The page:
Censorship Files, The: Latin American Writers and Franco's Spain
SUNY Press, 1.2.2012 - 264 sivua
Drawing on extensive research in the Spanish National Archive, Alejandro Herrero-Olaizola examines the role played by the censorship apparatus of Franco s Spain in bringing about the Latin American literary Boom of the 1960s and 1970s. He reveals the negotiations and behind-the-scenes maneuvering among those involved in the Spanish publishing industry. Converging interests made strange bedfellows of the often left-wing authors and the staid officials appointed to stand guard over Francoist morality and to defend the supposed purity of Castilian Spanish. Between these two uneasily allied groups circulated larger-than-life real-world characters like the Barcelona publisher Carlos Barral and the all-powerful literary agent Carmen Balcells. The author details the fascinating story of how novels by Mario Vargas Llosa, Guillermo Cabrera Infante, Gabriel García Márquez, and Manuel Puig achieved publication in Spain, and in doing so reached a worldwide market. This colorful account underpins a compelling claim that even the most innovative and aesthetically challenging literature has its roots in the economics of the book trade, as well as the institutions of government and the exigencies of everyday politics and ideology.
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The Censorship Files: Latin American Writers and Franco's Spain
Rajoitettu esikatselu - 2008
Administración Alberto Alcalá de Henares Amícola años de soledad apertura approval Archivo Argentina auction Balcells Barcelona Berto’s betrayal book market Boom writers Buenos Aires Carlos Barral Castro Catalan censor’s report censorship authorities censura chapter Cien años ciudad Conversación copies Cuba Cuban cultural economic edition Editorial España españoles Expediente de Cien fiction Franco regime Franco’s Spain galley proofs García Márquez government’s Guillermo Cabrera Infante Hispanic Historia Infante’s José Donoso Julio La traición Latin American Boom Latin American literature Latin American writers letter libro literary market Madrid Manuel Puig manuscript Mario Vargas Llosa military mundo narrative negotiations obra official País Pantaleón papel perros political printing production publication publishing house publishing industry regime’s revolutionary Rita Hayworth Robles Piquer Seix Barral sexual Spanish authorities Spanish book Spanish censors Spanish censorship Spanish publishing Subastas Velázquez success Sudamericana tion Toto’s traición de Rita Tres tristes tigres trópico visitadoras Vista del amanecer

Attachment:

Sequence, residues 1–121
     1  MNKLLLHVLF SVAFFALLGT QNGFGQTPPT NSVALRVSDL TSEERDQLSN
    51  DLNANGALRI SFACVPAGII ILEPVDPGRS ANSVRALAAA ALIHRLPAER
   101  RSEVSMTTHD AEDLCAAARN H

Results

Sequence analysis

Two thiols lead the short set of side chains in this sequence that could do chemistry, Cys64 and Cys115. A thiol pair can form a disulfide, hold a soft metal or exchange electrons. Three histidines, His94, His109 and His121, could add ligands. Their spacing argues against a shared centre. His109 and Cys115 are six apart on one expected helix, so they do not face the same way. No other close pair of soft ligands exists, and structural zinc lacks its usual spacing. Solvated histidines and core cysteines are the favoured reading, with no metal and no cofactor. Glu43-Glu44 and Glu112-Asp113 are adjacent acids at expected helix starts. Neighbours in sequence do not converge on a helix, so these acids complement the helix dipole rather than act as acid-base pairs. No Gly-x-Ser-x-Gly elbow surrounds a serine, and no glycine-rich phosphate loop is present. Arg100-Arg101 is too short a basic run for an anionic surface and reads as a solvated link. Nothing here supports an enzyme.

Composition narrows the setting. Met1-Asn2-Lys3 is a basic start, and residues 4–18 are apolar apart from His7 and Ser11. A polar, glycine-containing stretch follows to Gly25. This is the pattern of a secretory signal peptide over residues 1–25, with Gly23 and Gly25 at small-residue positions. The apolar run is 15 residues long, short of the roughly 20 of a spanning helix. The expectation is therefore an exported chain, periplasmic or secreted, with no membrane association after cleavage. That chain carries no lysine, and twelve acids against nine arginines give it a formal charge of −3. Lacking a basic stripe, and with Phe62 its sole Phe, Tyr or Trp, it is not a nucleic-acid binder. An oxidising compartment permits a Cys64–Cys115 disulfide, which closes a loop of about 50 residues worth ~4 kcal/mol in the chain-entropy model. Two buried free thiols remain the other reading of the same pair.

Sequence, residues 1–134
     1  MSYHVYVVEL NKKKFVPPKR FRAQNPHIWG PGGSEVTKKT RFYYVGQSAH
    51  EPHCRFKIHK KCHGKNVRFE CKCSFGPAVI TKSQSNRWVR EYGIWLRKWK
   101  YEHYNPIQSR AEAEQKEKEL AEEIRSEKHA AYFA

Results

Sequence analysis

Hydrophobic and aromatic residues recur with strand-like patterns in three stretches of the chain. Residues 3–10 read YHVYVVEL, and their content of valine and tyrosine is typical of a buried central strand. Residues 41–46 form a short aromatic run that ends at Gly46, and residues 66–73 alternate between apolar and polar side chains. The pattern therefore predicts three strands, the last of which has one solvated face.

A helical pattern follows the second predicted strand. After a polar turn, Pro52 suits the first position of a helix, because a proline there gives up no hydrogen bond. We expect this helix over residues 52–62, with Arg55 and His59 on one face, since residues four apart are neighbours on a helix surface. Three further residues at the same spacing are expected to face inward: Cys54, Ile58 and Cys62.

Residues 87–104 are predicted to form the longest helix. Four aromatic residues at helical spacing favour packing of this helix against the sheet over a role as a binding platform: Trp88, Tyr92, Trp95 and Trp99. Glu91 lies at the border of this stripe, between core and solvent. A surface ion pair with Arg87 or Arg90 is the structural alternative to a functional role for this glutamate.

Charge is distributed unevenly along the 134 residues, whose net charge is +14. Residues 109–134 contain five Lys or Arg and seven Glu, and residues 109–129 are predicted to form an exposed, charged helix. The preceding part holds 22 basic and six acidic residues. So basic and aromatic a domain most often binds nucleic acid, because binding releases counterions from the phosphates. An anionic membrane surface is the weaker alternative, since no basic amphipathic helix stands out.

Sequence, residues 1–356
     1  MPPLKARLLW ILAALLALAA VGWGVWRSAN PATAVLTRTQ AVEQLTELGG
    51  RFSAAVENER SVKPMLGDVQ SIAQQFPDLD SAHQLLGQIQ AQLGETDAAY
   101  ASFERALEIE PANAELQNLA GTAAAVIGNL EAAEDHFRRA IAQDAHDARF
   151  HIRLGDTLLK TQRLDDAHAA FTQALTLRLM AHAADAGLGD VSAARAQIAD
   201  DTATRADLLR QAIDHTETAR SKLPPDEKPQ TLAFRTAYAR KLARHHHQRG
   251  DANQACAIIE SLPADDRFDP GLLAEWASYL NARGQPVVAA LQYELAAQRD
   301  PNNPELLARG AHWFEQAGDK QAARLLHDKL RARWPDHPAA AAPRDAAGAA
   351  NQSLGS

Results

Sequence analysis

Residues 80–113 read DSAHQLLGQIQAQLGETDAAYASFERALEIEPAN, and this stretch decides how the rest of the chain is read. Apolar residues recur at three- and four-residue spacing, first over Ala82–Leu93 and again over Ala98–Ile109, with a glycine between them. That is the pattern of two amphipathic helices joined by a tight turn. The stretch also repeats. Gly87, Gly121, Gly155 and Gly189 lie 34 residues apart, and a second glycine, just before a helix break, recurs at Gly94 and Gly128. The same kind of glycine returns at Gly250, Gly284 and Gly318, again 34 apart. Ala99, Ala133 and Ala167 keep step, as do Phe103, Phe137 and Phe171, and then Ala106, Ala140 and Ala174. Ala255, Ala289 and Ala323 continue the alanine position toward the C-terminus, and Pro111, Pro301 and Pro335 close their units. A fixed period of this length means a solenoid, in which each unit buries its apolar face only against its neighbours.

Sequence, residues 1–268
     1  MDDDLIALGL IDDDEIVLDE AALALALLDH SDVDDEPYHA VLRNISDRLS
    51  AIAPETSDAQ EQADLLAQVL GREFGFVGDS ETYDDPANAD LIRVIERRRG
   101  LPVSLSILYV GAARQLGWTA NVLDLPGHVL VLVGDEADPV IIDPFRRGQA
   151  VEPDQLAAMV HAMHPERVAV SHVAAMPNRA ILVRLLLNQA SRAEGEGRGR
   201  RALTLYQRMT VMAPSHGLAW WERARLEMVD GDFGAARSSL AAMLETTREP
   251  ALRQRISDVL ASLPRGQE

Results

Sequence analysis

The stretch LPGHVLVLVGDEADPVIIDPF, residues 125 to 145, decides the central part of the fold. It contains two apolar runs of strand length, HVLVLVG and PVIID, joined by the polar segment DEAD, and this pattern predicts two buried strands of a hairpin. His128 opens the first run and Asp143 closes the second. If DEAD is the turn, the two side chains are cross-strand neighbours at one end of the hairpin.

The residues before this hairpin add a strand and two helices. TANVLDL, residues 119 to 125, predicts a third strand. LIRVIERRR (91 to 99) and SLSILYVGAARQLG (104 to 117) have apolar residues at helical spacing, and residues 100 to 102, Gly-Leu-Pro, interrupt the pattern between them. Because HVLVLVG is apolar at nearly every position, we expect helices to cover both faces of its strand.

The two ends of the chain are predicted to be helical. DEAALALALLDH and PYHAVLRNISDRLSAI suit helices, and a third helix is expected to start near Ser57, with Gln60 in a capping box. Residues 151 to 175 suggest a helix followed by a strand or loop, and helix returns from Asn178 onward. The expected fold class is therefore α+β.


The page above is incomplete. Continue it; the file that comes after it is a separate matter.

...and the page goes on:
Sivu xvii - ... keeps his mind off his job during the day and won't let him sleep at night (what had he scrawled, what had he put on that sheet of paper he sent to Mariana?). Juan knows there won't be a problem with the letter's contents, that it's irreproachable, harmless. But what about the rest? He knows that they examine, sniff, feel, and read between the lines of each and every letter, and check its tiniest comma and most accidental stain.